In November 2018, CBC Toronto released “The Implant Files,” a major investigative initiative about what happens when medical devices are defective, in conjunction with the Toronto Star and Radio-Canada. Valérie Ouellet, a senior data journalist with CBC, was on the project for about a year, with partners at Radio-Canada working on it since February 2018. Another partner David McKie, started exploring the concept over three years ago. The result, after months of communication with Health Canada: 45 columns and 350,000 rows of data, creating a table of 160,000 adverse incidents concerning medical devices and implants plus accompanying stories for web and television.

The biggest challenges with “The Implant Files” were figuring out how all the pieces of data fit together, as well as working out how to code the interactive database so that users could search to find names of devices, side effects and more.

For members of the CBC Toronto team, this was a small data set compared to what they usually work with. In November 2018, Ouellet and her partner, William Wolfe-Wylie, a CBC senior developer of news interactives, spoke at Toronto’s Data Driven 2.0 conference. The topic: Ticketmaster, an investigation in which they worked with over two million rows of data.

Wolfe-Wylie, who is a largely self-taught coder, spent the better part of a month creating the searchable engine.

“One of our big problems for a large–audience story like this, because [it’s] the CBC… there are hundreds of thousands, if not millions, of people who could have access to this and be performing searches,” says Wolfe-Wylie. “Writing efficient code and using more efficient techniques in writing code becomes really, really crucial when you’re writing programs that are going to be accessed by that many people.”

In the end, the project was comprised of a team of 24 journalists, with five journalists working on interactive elements and over 250 journalists from 36 countries consulting and sharing research.

“[Our team is] really hyper–specialized in [data], but there’s a number of other reporters across our network who do have data skills and use it in their daily reporting,” says Ouellet.

CBC is not the only news outlet to pour resources into a data team. The February 2017 “Unfounded” investigation from the Globe and Mail is chief among Canada’s data journalism triumphs. The culmination of 20 months of inquiries and reporting led to a parallax scroll with intricate and interactive maps, each created by the Globe’s visual team, alongside journalist Robyn Doolittle.

Matt Frehner, the Globe’s head of visual journalism, works with different departments to create visuals for print and online. His team is made up of people who code, analyze data and develop visuals, but the data is what they always return to.

“The data is really the whole story that you’re telling,” he says. “And structuring data in order to answer questions for the reporter.”

Not everyone on the team had a strong background in data or visuals, but learned throughout their time at the paper, says Frehner. “It’s a bit of a mix—like some people have come up to the newsroom and slowly evolved in that way and some people were hired with that specific skill set in mind.”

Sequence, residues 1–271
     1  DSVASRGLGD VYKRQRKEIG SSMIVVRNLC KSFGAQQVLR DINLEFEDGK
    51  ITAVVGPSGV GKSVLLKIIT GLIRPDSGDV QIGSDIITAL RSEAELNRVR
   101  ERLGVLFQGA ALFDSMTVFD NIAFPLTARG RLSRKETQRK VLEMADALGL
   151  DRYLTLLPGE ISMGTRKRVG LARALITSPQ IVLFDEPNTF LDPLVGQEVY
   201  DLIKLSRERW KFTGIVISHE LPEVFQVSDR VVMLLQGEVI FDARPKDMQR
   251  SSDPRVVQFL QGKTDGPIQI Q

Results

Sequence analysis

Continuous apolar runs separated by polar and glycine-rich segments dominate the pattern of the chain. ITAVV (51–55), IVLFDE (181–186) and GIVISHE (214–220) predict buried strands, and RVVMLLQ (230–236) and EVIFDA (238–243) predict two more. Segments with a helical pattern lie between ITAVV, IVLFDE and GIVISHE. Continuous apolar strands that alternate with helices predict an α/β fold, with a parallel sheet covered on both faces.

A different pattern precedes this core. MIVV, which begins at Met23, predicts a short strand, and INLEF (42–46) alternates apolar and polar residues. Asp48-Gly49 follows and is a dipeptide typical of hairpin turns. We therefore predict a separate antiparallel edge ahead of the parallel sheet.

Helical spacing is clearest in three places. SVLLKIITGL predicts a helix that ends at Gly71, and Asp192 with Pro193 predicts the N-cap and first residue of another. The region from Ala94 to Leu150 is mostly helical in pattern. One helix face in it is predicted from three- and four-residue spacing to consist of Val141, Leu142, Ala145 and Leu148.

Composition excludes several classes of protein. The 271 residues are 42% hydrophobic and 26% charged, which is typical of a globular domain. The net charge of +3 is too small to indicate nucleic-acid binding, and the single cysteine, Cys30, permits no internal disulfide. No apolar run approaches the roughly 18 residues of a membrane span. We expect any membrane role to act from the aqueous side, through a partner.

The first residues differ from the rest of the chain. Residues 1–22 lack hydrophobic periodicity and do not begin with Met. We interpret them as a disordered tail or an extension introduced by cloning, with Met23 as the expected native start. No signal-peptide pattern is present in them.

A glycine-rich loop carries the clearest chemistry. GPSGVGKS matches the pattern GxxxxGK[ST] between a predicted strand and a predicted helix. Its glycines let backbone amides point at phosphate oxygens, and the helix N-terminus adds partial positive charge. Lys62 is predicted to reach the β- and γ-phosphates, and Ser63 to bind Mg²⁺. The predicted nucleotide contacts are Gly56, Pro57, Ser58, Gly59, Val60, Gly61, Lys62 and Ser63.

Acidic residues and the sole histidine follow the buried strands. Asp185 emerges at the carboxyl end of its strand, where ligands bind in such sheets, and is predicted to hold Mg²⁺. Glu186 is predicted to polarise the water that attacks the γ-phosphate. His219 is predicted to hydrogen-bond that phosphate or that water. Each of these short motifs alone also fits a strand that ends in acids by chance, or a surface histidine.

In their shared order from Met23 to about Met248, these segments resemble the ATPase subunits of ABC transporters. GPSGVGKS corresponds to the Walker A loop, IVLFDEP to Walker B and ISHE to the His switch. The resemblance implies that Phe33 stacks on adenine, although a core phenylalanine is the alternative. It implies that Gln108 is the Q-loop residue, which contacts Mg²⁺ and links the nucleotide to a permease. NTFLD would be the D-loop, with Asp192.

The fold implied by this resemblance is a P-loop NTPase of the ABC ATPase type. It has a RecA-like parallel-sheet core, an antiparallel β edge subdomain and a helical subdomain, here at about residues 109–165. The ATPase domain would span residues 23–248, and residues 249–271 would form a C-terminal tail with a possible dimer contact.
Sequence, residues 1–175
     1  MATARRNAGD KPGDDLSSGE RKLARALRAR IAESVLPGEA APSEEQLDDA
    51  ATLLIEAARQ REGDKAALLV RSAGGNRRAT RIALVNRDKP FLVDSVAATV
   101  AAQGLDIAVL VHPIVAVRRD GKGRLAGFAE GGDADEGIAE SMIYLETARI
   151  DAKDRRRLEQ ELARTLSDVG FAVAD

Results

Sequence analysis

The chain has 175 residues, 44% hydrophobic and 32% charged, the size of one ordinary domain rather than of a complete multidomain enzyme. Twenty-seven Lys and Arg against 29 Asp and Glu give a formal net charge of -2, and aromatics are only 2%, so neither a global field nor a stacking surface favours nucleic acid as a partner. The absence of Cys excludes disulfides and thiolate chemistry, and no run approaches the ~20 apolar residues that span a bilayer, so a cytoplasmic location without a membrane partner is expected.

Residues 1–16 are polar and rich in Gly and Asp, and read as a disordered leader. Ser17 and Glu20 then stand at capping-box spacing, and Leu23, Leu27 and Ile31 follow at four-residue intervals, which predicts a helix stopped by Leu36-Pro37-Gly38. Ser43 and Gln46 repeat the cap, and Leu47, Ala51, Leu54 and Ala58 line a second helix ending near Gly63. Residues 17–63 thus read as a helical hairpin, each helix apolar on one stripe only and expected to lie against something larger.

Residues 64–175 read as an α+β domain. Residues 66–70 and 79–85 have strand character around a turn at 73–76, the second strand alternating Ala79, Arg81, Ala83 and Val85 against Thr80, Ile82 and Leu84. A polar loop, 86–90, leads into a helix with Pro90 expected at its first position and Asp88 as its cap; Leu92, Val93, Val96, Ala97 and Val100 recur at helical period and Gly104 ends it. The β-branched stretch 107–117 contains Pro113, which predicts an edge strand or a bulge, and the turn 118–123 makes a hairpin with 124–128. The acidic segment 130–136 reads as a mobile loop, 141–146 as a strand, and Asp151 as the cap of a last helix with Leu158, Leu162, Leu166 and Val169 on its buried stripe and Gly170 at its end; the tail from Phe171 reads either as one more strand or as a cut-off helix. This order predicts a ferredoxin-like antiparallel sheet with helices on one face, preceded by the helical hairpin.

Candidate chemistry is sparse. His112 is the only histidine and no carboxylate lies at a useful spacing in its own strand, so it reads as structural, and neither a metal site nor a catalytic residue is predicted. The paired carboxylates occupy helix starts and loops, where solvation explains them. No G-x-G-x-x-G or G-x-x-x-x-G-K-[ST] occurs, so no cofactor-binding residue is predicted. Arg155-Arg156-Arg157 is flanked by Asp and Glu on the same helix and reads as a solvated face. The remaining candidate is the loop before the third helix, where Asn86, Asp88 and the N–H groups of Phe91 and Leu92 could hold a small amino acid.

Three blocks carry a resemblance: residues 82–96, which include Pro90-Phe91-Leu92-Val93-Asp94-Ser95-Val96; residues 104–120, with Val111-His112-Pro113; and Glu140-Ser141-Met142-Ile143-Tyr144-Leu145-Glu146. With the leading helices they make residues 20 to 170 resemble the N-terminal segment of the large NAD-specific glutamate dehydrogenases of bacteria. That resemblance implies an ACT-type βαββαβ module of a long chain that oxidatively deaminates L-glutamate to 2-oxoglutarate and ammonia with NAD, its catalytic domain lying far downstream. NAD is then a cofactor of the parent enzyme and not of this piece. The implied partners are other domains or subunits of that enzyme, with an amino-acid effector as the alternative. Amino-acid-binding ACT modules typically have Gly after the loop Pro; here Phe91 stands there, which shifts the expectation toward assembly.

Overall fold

Without these people, some stories would take much longer to report, or be impossible altogether, says Frehner. “Just a human being would take years and years to do that kind of data analysis, but if you’re using software like Python [a coding language], structuring a data set that you can analyze makes things much quicker.”

CBC investigative data journalist Roberto Rocha spends his days coding and analyzing data that acts as the basis of stories, but he doesn’t think every journalist needs to know how to code: “For someone like me, who deals with data, coding is an incredibly powerful tool.”

Coders can, for instance, scrape websites for data, create bots that do sorting and create interactive visuals. For Ouellet and Wolfe-Wylie’s Ticketmaster project, they created bots that would go in daily and scrape ticket–selling websites to track seat locations and prices. Without the bot, they would have had to go in and manually follow the data themselves, which would have been time-consuming and labour intensive.

“These skills allow you to merge that investigative reporting with the more traditional boots-on-the-ground, getting-the-sources-lined-up kind of reporting,” says Wolfe-Wylie. “It adds an extra layer of verification and an extra layer of inquiry on top of journalism.”

“And I would say an extra layer of credibility,” says Ouellet. “Your questions are much more direct.”

Wolfe-Wylie equates data skills to superpowers, saying they make him and his team resources in the newsroom, allowing them to help fellow reporters.

In a field where a journalist must be adept at just about everything, it might be worth learning how to code and interpret data because it can do so much for reporting.

“It helps people make sense of very complex issues. Data has this has certain power. It has authority to it,” says Rocha.

Not only does data have authority, but those skills can make you a better at your job.

“I’m a lot more structured than I used to be in my research,” Ouellet says. “And a lot more systematic. I think it makes me overall a better journalist.”

(Visited 909 times, 1 visits today)

Sign Up for Our Newsletter

Keep up to date with the latest stories from our newsroom.